What are predatory mites?
Predatory mites are a species of arthropods that include many different types of mites. These mites are useful because they prey on other harmful insects such as spider mites, thrips, blood mites and sciarid flies. Some common species of predatory mites are Hypoaspis miles,
Neoseiulus californicus, Amblyseius swirskii and the Phytoseiulus persimilis pictured below and described in detail later in this article.
How do predatory mites work?
Predatory mites work by seeking out and eating other insects. They are most effective when used preventively, before an infestation develops. By increasing the population of harmful insects in your home, the risk of damage to your plants or crops is lower.
The benefits of predatory mites for biological pest control
The predatory mites are safe for humans and animals this Unlike chemical pesticides, they pose no risk to humans or pets. They are also commonly used in organic farming to control pests.
More effective than chemical pest control
Predatory mites are also more effective than chemical pesticides in controlling pests. This is because they target pests directly, as opposed to killing everything (including beneficial insects) with toxic chemicals. They also reproduce quickly, so the population is maintained and pests such as thrips, spider and blood lice have no chance.
Predatory mites eat everything from eggs to adult spider mites
Predatory mites leave nothing to chance, eating all eggs, larvae and in some cases even adults whatever they come across they will eat. This quickly reduces the infestation because they can no longer reproduce. Adult thrips/blood mites/spider mites become restless and look for a better place to reproduce.
Different predatory mites per pest
As is common in nature, predatory mites also have certain food preferences. Spider mites are different from blood lice. Because there are hundreds of them, we have described the most important and most commonly used predatory mites below. These can also be ordered via the link below. Click on the link and receive 10% discount on your first order. In the welcome e-mail, all predators are described per category so you can easily find the right predator.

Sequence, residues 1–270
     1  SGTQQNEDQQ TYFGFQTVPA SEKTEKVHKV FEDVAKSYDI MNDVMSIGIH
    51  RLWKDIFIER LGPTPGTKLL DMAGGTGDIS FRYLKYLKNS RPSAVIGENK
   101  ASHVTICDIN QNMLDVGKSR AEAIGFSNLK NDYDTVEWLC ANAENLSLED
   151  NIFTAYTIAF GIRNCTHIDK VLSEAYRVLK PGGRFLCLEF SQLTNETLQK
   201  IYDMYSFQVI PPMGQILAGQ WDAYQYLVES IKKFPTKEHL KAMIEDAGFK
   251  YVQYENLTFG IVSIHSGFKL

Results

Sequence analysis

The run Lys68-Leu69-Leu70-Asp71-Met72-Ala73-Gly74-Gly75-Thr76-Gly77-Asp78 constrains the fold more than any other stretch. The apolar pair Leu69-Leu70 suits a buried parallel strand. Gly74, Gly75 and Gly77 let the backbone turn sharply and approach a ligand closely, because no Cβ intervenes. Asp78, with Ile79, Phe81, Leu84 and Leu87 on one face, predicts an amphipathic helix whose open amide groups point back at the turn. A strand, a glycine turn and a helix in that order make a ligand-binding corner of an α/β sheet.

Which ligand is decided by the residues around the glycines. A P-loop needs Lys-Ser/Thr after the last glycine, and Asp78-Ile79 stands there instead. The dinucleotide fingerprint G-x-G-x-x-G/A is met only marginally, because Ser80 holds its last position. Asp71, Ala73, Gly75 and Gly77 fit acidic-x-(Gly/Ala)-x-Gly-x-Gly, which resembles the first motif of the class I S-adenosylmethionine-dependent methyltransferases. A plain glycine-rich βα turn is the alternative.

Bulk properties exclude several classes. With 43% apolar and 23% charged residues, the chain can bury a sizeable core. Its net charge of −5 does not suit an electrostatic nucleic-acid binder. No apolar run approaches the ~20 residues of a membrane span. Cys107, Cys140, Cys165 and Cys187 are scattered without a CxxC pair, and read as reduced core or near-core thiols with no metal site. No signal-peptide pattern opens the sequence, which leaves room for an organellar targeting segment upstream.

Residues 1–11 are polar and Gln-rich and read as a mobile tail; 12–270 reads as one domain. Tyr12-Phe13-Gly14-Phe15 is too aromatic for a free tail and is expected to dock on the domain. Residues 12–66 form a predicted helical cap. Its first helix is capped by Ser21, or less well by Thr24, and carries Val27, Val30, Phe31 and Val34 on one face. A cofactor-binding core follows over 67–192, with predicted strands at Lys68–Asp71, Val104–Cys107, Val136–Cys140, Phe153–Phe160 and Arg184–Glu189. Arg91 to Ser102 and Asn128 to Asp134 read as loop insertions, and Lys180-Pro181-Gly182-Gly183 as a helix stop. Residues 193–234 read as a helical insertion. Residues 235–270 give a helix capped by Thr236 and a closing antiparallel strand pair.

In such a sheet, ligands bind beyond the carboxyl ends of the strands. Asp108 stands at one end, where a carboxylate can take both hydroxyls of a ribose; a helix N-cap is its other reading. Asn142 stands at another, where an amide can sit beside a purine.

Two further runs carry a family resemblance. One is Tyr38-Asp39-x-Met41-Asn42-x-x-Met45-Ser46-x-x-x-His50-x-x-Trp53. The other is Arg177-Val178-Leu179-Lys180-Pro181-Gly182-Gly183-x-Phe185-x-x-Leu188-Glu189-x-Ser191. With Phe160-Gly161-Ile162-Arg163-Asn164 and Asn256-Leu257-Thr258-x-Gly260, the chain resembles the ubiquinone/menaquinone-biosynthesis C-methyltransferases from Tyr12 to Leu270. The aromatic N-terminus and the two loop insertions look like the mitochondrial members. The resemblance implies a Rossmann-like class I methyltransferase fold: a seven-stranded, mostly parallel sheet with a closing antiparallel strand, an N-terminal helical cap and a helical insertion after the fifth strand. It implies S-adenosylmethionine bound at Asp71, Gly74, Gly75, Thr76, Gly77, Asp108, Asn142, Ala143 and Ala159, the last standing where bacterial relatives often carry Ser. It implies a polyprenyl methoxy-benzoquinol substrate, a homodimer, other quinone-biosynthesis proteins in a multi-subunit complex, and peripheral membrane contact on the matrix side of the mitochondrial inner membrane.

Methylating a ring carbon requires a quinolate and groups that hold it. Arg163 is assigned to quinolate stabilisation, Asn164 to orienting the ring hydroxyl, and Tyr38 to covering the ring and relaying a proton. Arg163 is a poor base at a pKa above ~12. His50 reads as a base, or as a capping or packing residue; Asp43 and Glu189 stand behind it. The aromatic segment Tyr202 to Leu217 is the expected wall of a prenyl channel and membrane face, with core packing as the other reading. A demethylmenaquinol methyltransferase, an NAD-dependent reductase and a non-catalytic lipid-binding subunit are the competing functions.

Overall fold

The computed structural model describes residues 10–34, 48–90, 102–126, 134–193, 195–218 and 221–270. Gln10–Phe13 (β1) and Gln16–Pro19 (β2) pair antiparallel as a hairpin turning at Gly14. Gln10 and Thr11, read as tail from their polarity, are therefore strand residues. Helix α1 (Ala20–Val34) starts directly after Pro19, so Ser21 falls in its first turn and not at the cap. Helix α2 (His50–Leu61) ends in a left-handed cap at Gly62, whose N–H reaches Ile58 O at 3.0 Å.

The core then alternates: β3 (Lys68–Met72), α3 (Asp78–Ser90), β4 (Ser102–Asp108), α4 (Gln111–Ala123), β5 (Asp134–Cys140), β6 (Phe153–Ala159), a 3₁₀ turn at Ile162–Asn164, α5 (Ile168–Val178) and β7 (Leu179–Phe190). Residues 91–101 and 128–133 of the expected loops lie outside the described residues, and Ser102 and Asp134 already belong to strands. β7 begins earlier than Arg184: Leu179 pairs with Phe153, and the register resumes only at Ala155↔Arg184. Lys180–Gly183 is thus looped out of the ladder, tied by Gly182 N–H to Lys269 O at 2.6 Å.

Hypoaspis miles predatory mites
Often called the perfect pest control insect, the Hypoaspis miles can be recognised by its brown colour. It is a small, predatory mite that feeds on all kinds of pests in and around the house and garden. It is most effective against the early stages of blood lice and thrips, their eggs and larvae. As it feeds on plant residues in addition to the pests mentioned (thrips and blood lice), it can survive for up to six weeks. During this period, they also reproduce, giving you a sustainable pest controller and much less opportunity for thrips and blood lice.
The perfect fighter, the Hypoaspis miles
Hypoaspis miles is the perfect insect for pest control for a number of reasons. First, Hypoaspis miles is a natural predator of a wide range of pests, including mites, aphids, whiteflies and mealybugs. This makes Hypoaspis miles an effective biological control agent against these pests. Secondly, Hypoaspis miles is effective in controlling pests both indoors and outdoors. Third, Hypoaspis miles is easy to grow and maintain, making it a cost-effective solution for pest control.